Wednesday, June 2, 2010

Wiscon anti-racists, have you no shame?

In January of 2009, Jay Lake wrote a post about writing characters who aren't white and male. It had the misfortune of launching Racefail '09 when Coffeeandink objected to him being a white man who does not buy into neoliberal anti-racism.

Last week, in the comments to Madrobin's post about attending Wiscon, a science fiction convention that traditionally focuses on feminist issues, Jay told a friend, “I probably won’t ever be at WisCon again, sadly, as it used to be one of my favorite cons, but RaceFail has made it very unwelcoming and unsafe for me.” Someone read that and alerted the usual suspects, who immediately began attacking him at the post, in their blogs, and on twitter to prove he was right. (The comments at the LJ are no longer viewable; when Madrobins saw the attack was underway, she shut down the post.)

After Jay was attacked, he wrote [cancer] Updates, lessons and the nature of anger, Yeloson wrote Privilege hates, but doesn't know what hate is, and now Tempest Bradford has written Thoughts On Jay Lake’s Continued Ass Showing.

Tempest's post is especially fascinating for showing how cultists think. She says early on, "...we have all had that friend who is well meaning and smart, but who says problematic things about race (or gender or religion or whatever) and because they are otherwise awesome you engage with them on a good faith basis and try to get them to understand where they’re mistaken, how their problematic words are hurtful, and how they can possibly do better. When a friend tells you that you’ve got your skirt stuck up in your pantyhoes, you might be embarassed for a bit but you’re grateful a friend was there to tell you, right? Right."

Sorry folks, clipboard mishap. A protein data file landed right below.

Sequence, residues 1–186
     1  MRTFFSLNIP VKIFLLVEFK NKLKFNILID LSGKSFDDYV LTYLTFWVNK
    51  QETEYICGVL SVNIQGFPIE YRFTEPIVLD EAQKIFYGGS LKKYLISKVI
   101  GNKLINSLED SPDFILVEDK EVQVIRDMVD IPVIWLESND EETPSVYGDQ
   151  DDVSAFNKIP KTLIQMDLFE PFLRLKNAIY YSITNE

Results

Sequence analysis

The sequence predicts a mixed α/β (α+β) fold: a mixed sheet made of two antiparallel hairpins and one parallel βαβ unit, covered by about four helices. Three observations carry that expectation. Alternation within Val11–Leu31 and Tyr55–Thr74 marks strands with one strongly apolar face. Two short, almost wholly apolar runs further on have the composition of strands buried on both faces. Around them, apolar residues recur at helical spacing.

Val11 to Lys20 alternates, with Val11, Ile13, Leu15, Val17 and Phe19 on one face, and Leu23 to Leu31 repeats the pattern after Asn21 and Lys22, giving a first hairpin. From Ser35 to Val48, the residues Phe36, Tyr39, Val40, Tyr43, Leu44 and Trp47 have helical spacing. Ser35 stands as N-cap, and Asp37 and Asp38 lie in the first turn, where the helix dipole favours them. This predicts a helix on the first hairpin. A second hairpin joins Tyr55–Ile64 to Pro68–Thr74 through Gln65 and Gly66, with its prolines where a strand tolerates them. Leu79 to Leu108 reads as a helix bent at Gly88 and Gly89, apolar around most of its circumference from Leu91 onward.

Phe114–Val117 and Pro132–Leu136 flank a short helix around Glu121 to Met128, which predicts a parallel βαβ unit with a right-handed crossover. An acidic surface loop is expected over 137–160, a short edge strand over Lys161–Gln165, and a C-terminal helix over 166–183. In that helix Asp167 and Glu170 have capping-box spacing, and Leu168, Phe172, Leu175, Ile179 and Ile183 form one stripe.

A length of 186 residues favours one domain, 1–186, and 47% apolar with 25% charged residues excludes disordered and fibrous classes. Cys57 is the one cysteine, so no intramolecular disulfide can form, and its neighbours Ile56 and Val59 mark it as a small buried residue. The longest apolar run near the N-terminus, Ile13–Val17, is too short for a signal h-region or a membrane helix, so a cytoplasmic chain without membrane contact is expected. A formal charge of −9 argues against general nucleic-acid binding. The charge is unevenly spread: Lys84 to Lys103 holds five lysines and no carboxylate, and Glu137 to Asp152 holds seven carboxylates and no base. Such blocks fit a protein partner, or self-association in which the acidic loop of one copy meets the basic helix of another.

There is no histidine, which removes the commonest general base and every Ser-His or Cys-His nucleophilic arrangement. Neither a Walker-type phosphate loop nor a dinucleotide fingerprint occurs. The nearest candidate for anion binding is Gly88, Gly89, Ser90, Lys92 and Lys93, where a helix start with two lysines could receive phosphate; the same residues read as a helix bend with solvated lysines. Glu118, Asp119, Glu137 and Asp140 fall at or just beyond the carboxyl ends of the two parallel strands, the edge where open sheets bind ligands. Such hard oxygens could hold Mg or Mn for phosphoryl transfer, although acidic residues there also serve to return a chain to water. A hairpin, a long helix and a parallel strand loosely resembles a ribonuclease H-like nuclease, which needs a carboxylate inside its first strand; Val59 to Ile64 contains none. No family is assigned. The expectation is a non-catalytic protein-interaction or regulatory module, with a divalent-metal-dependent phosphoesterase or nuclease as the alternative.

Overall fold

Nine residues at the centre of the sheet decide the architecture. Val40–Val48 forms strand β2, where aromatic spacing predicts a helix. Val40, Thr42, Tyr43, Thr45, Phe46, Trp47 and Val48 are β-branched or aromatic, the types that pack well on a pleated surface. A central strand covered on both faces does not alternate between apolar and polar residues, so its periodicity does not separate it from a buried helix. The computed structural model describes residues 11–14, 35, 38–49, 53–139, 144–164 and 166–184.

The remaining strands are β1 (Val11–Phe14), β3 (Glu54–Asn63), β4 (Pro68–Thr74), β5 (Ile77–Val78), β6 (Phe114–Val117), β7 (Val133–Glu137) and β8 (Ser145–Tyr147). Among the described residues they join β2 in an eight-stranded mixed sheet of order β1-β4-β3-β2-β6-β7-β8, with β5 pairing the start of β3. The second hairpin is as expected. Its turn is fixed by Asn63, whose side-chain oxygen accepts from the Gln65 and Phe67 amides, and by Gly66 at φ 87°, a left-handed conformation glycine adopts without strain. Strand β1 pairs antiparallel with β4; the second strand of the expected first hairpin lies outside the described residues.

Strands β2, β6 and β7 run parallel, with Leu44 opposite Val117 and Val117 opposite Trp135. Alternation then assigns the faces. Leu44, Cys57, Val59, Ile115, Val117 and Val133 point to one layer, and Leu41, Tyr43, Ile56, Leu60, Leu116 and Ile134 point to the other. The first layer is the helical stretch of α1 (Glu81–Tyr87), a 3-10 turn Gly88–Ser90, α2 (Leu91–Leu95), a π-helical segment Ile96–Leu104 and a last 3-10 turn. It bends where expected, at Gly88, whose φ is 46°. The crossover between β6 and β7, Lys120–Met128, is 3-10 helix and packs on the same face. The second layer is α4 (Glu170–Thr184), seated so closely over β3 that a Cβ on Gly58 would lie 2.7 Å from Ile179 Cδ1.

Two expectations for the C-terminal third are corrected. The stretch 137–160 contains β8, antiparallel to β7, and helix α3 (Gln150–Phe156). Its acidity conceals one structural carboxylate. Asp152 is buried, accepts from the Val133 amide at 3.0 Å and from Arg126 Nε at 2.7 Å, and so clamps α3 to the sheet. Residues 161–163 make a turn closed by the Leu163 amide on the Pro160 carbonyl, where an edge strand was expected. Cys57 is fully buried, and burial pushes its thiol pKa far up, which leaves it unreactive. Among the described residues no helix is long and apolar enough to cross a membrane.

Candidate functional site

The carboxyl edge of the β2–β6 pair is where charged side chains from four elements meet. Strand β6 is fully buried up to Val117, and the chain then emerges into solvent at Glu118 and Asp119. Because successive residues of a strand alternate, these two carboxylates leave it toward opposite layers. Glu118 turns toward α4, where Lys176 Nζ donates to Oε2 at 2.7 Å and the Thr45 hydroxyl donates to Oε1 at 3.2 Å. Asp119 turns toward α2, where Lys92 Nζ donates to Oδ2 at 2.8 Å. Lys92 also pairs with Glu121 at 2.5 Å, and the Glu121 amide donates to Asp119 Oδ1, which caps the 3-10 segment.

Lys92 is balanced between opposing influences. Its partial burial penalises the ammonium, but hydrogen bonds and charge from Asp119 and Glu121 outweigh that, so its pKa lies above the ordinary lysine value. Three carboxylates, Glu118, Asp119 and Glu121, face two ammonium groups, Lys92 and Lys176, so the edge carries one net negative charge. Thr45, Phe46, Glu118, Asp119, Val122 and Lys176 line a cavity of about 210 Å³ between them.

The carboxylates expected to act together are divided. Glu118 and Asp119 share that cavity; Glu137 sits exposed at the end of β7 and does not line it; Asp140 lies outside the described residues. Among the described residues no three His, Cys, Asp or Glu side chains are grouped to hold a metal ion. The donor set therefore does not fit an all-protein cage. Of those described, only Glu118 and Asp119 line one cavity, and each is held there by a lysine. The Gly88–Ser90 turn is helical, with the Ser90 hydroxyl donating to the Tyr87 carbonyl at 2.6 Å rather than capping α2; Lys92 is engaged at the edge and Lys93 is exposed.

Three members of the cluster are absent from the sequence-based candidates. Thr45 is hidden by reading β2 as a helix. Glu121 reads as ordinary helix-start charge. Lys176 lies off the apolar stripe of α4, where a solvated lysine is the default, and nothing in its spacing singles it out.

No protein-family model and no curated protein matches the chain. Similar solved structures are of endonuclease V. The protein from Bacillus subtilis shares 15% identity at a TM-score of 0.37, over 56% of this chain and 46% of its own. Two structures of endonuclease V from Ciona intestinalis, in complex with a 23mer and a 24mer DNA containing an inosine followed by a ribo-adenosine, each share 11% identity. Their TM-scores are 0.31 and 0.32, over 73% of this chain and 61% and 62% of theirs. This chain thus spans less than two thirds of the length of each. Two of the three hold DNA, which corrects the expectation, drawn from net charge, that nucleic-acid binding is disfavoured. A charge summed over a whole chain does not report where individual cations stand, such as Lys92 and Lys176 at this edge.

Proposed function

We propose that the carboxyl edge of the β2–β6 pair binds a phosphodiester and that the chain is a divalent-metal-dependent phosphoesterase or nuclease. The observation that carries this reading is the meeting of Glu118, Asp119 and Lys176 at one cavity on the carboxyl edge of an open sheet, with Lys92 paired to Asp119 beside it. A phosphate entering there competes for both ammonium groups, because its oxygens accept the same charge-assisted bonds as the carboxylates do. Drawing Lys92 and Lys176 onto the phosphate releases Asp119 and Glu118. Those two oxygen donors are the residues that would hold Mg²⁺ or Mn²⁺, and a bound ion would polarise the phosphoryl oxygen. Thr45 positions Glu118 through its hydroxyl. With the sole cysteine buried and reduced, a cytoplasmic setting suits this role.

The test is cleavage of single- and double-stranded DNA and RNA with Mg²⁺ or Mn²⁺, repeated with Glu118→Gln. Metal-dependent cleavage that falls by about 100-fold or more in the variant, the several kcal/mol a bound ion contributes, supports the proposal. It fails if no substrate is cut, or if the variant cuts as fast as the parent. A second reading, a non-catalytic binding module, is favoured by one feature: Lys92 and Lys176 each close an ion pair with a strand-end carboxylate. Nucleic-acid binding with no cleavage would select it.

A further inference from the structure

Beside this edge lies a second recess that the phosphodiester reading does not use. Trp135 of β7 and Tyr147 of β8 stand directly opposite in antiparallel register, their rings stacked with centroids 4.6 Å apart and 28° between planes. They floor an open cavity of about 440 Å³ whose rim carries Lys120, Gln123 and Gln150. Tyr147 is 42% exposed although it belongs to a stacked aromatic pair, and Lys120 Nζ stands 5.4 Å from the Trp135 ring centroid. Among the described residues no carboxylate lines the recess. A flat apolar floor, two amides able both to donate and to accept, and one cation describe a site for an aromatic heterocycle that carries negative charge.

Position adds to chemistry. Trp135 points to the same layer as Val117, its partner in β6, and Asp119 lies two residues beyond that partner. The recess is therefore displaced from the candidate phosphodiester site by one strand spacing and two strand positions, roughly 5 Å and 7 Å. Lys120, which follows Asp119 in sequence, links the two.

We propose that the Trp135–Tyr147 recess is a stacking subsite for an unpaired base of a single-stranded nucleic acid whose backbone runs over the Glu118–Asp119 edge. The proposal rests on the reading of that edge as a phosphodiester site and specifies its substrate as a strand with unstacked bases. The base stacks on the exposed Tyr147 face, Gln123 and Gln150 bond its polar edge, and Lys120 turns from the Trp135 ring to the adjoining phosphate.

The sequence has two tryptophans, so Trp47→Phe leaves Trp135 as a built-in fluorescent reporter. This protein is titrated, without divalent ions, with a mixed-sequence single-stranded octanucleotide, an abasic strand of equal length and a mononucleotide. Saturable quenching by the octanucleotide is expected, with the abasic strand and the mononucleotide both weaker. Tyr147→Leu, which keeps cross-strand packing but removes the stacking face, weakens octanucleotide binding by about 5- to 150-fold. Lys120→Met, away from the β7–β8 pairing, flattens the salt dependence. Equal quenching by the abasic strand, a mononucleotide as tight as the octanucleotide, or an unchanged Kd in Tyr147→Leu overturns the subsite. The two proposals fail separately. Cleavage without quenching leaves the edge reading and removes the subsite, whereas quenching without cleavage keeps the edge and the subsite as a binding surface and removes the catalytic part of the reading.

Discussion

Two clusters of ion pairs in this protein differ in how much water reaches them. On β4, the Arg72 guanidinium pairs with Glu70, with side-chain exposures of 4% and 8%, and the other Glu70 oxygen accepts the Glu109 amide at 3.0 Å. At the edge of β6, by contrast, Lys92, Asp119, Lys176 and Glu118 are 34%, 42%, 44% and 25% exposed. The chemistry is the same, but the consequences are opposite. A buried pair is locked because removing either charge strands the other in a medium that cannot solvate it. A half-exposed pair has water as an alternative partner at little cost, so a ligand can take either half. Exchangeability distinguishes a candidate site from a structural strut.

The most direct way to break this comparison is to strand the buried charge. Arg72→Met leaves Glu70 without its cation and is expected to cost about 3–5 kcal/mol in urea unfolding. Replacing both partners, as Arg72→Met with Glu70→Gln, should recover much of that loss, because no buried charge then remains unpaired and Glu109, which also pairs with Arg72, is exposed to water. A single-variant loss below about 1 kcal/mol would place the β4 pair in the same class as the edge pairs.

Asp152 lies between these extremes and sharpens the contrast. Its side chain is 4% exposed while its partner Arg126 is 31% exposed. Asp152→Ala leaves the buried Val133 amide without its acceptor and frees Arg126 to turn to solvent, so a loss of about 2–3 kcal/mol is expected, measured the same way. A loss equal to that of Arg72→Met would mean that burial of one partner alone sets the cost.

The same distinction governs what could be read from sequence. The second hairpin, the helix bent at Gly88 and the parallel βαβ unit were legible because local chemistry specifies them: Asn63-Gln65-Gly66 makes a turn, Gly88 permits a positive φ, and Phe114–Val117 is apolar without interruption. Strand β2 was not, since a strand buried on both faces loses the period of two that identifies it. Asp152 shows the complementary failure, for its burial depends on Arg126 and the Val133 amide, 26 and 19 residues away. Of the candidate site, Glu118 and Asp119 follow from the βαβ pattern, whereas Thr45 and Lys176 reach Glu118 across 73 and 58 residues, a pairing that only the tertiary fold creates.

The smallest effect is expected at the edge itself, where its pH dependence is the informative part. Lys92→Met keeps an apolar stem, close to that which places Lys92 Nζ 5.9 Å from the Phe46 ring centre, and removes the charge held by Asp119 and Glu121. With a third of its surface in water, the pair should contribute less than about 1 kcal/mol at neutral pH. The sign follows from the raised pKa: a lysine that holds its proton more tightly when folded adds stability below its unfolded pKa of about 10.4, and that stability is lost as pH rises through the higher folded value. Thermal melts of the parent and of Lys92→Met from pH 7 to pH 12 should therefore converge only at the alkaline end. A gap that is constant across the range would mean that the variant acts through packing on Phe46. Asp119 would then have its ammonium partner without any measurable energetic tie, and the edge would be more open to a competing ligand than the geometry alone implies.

This cartoon shows the problem with her approach far better than I could.

Here's what matters: The work. Is Jay's writing racist? If so, damn him. If not, whether he believes in the antiracists' non-dictionary definitions is irrelevant.

I've been thinking a lot lately about cults and mobbing. One of the most frightening aspects of cults is their inability to feel sympathy for those who reject the cult.

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Will Shetterly is the author of the semi-autobiographical Dogland, which Ellen Kushner called "A masterwork. A particularly American magic realism that touches the heart of race and childhood in our country; it's 100 Years of Solitude for an entire generation of American Baby Boomers, and deserves the widest possible audience." The feministsf wiki says of him, "His work features strong women characters and people of color." He thinks neoliberal antiracism is wack.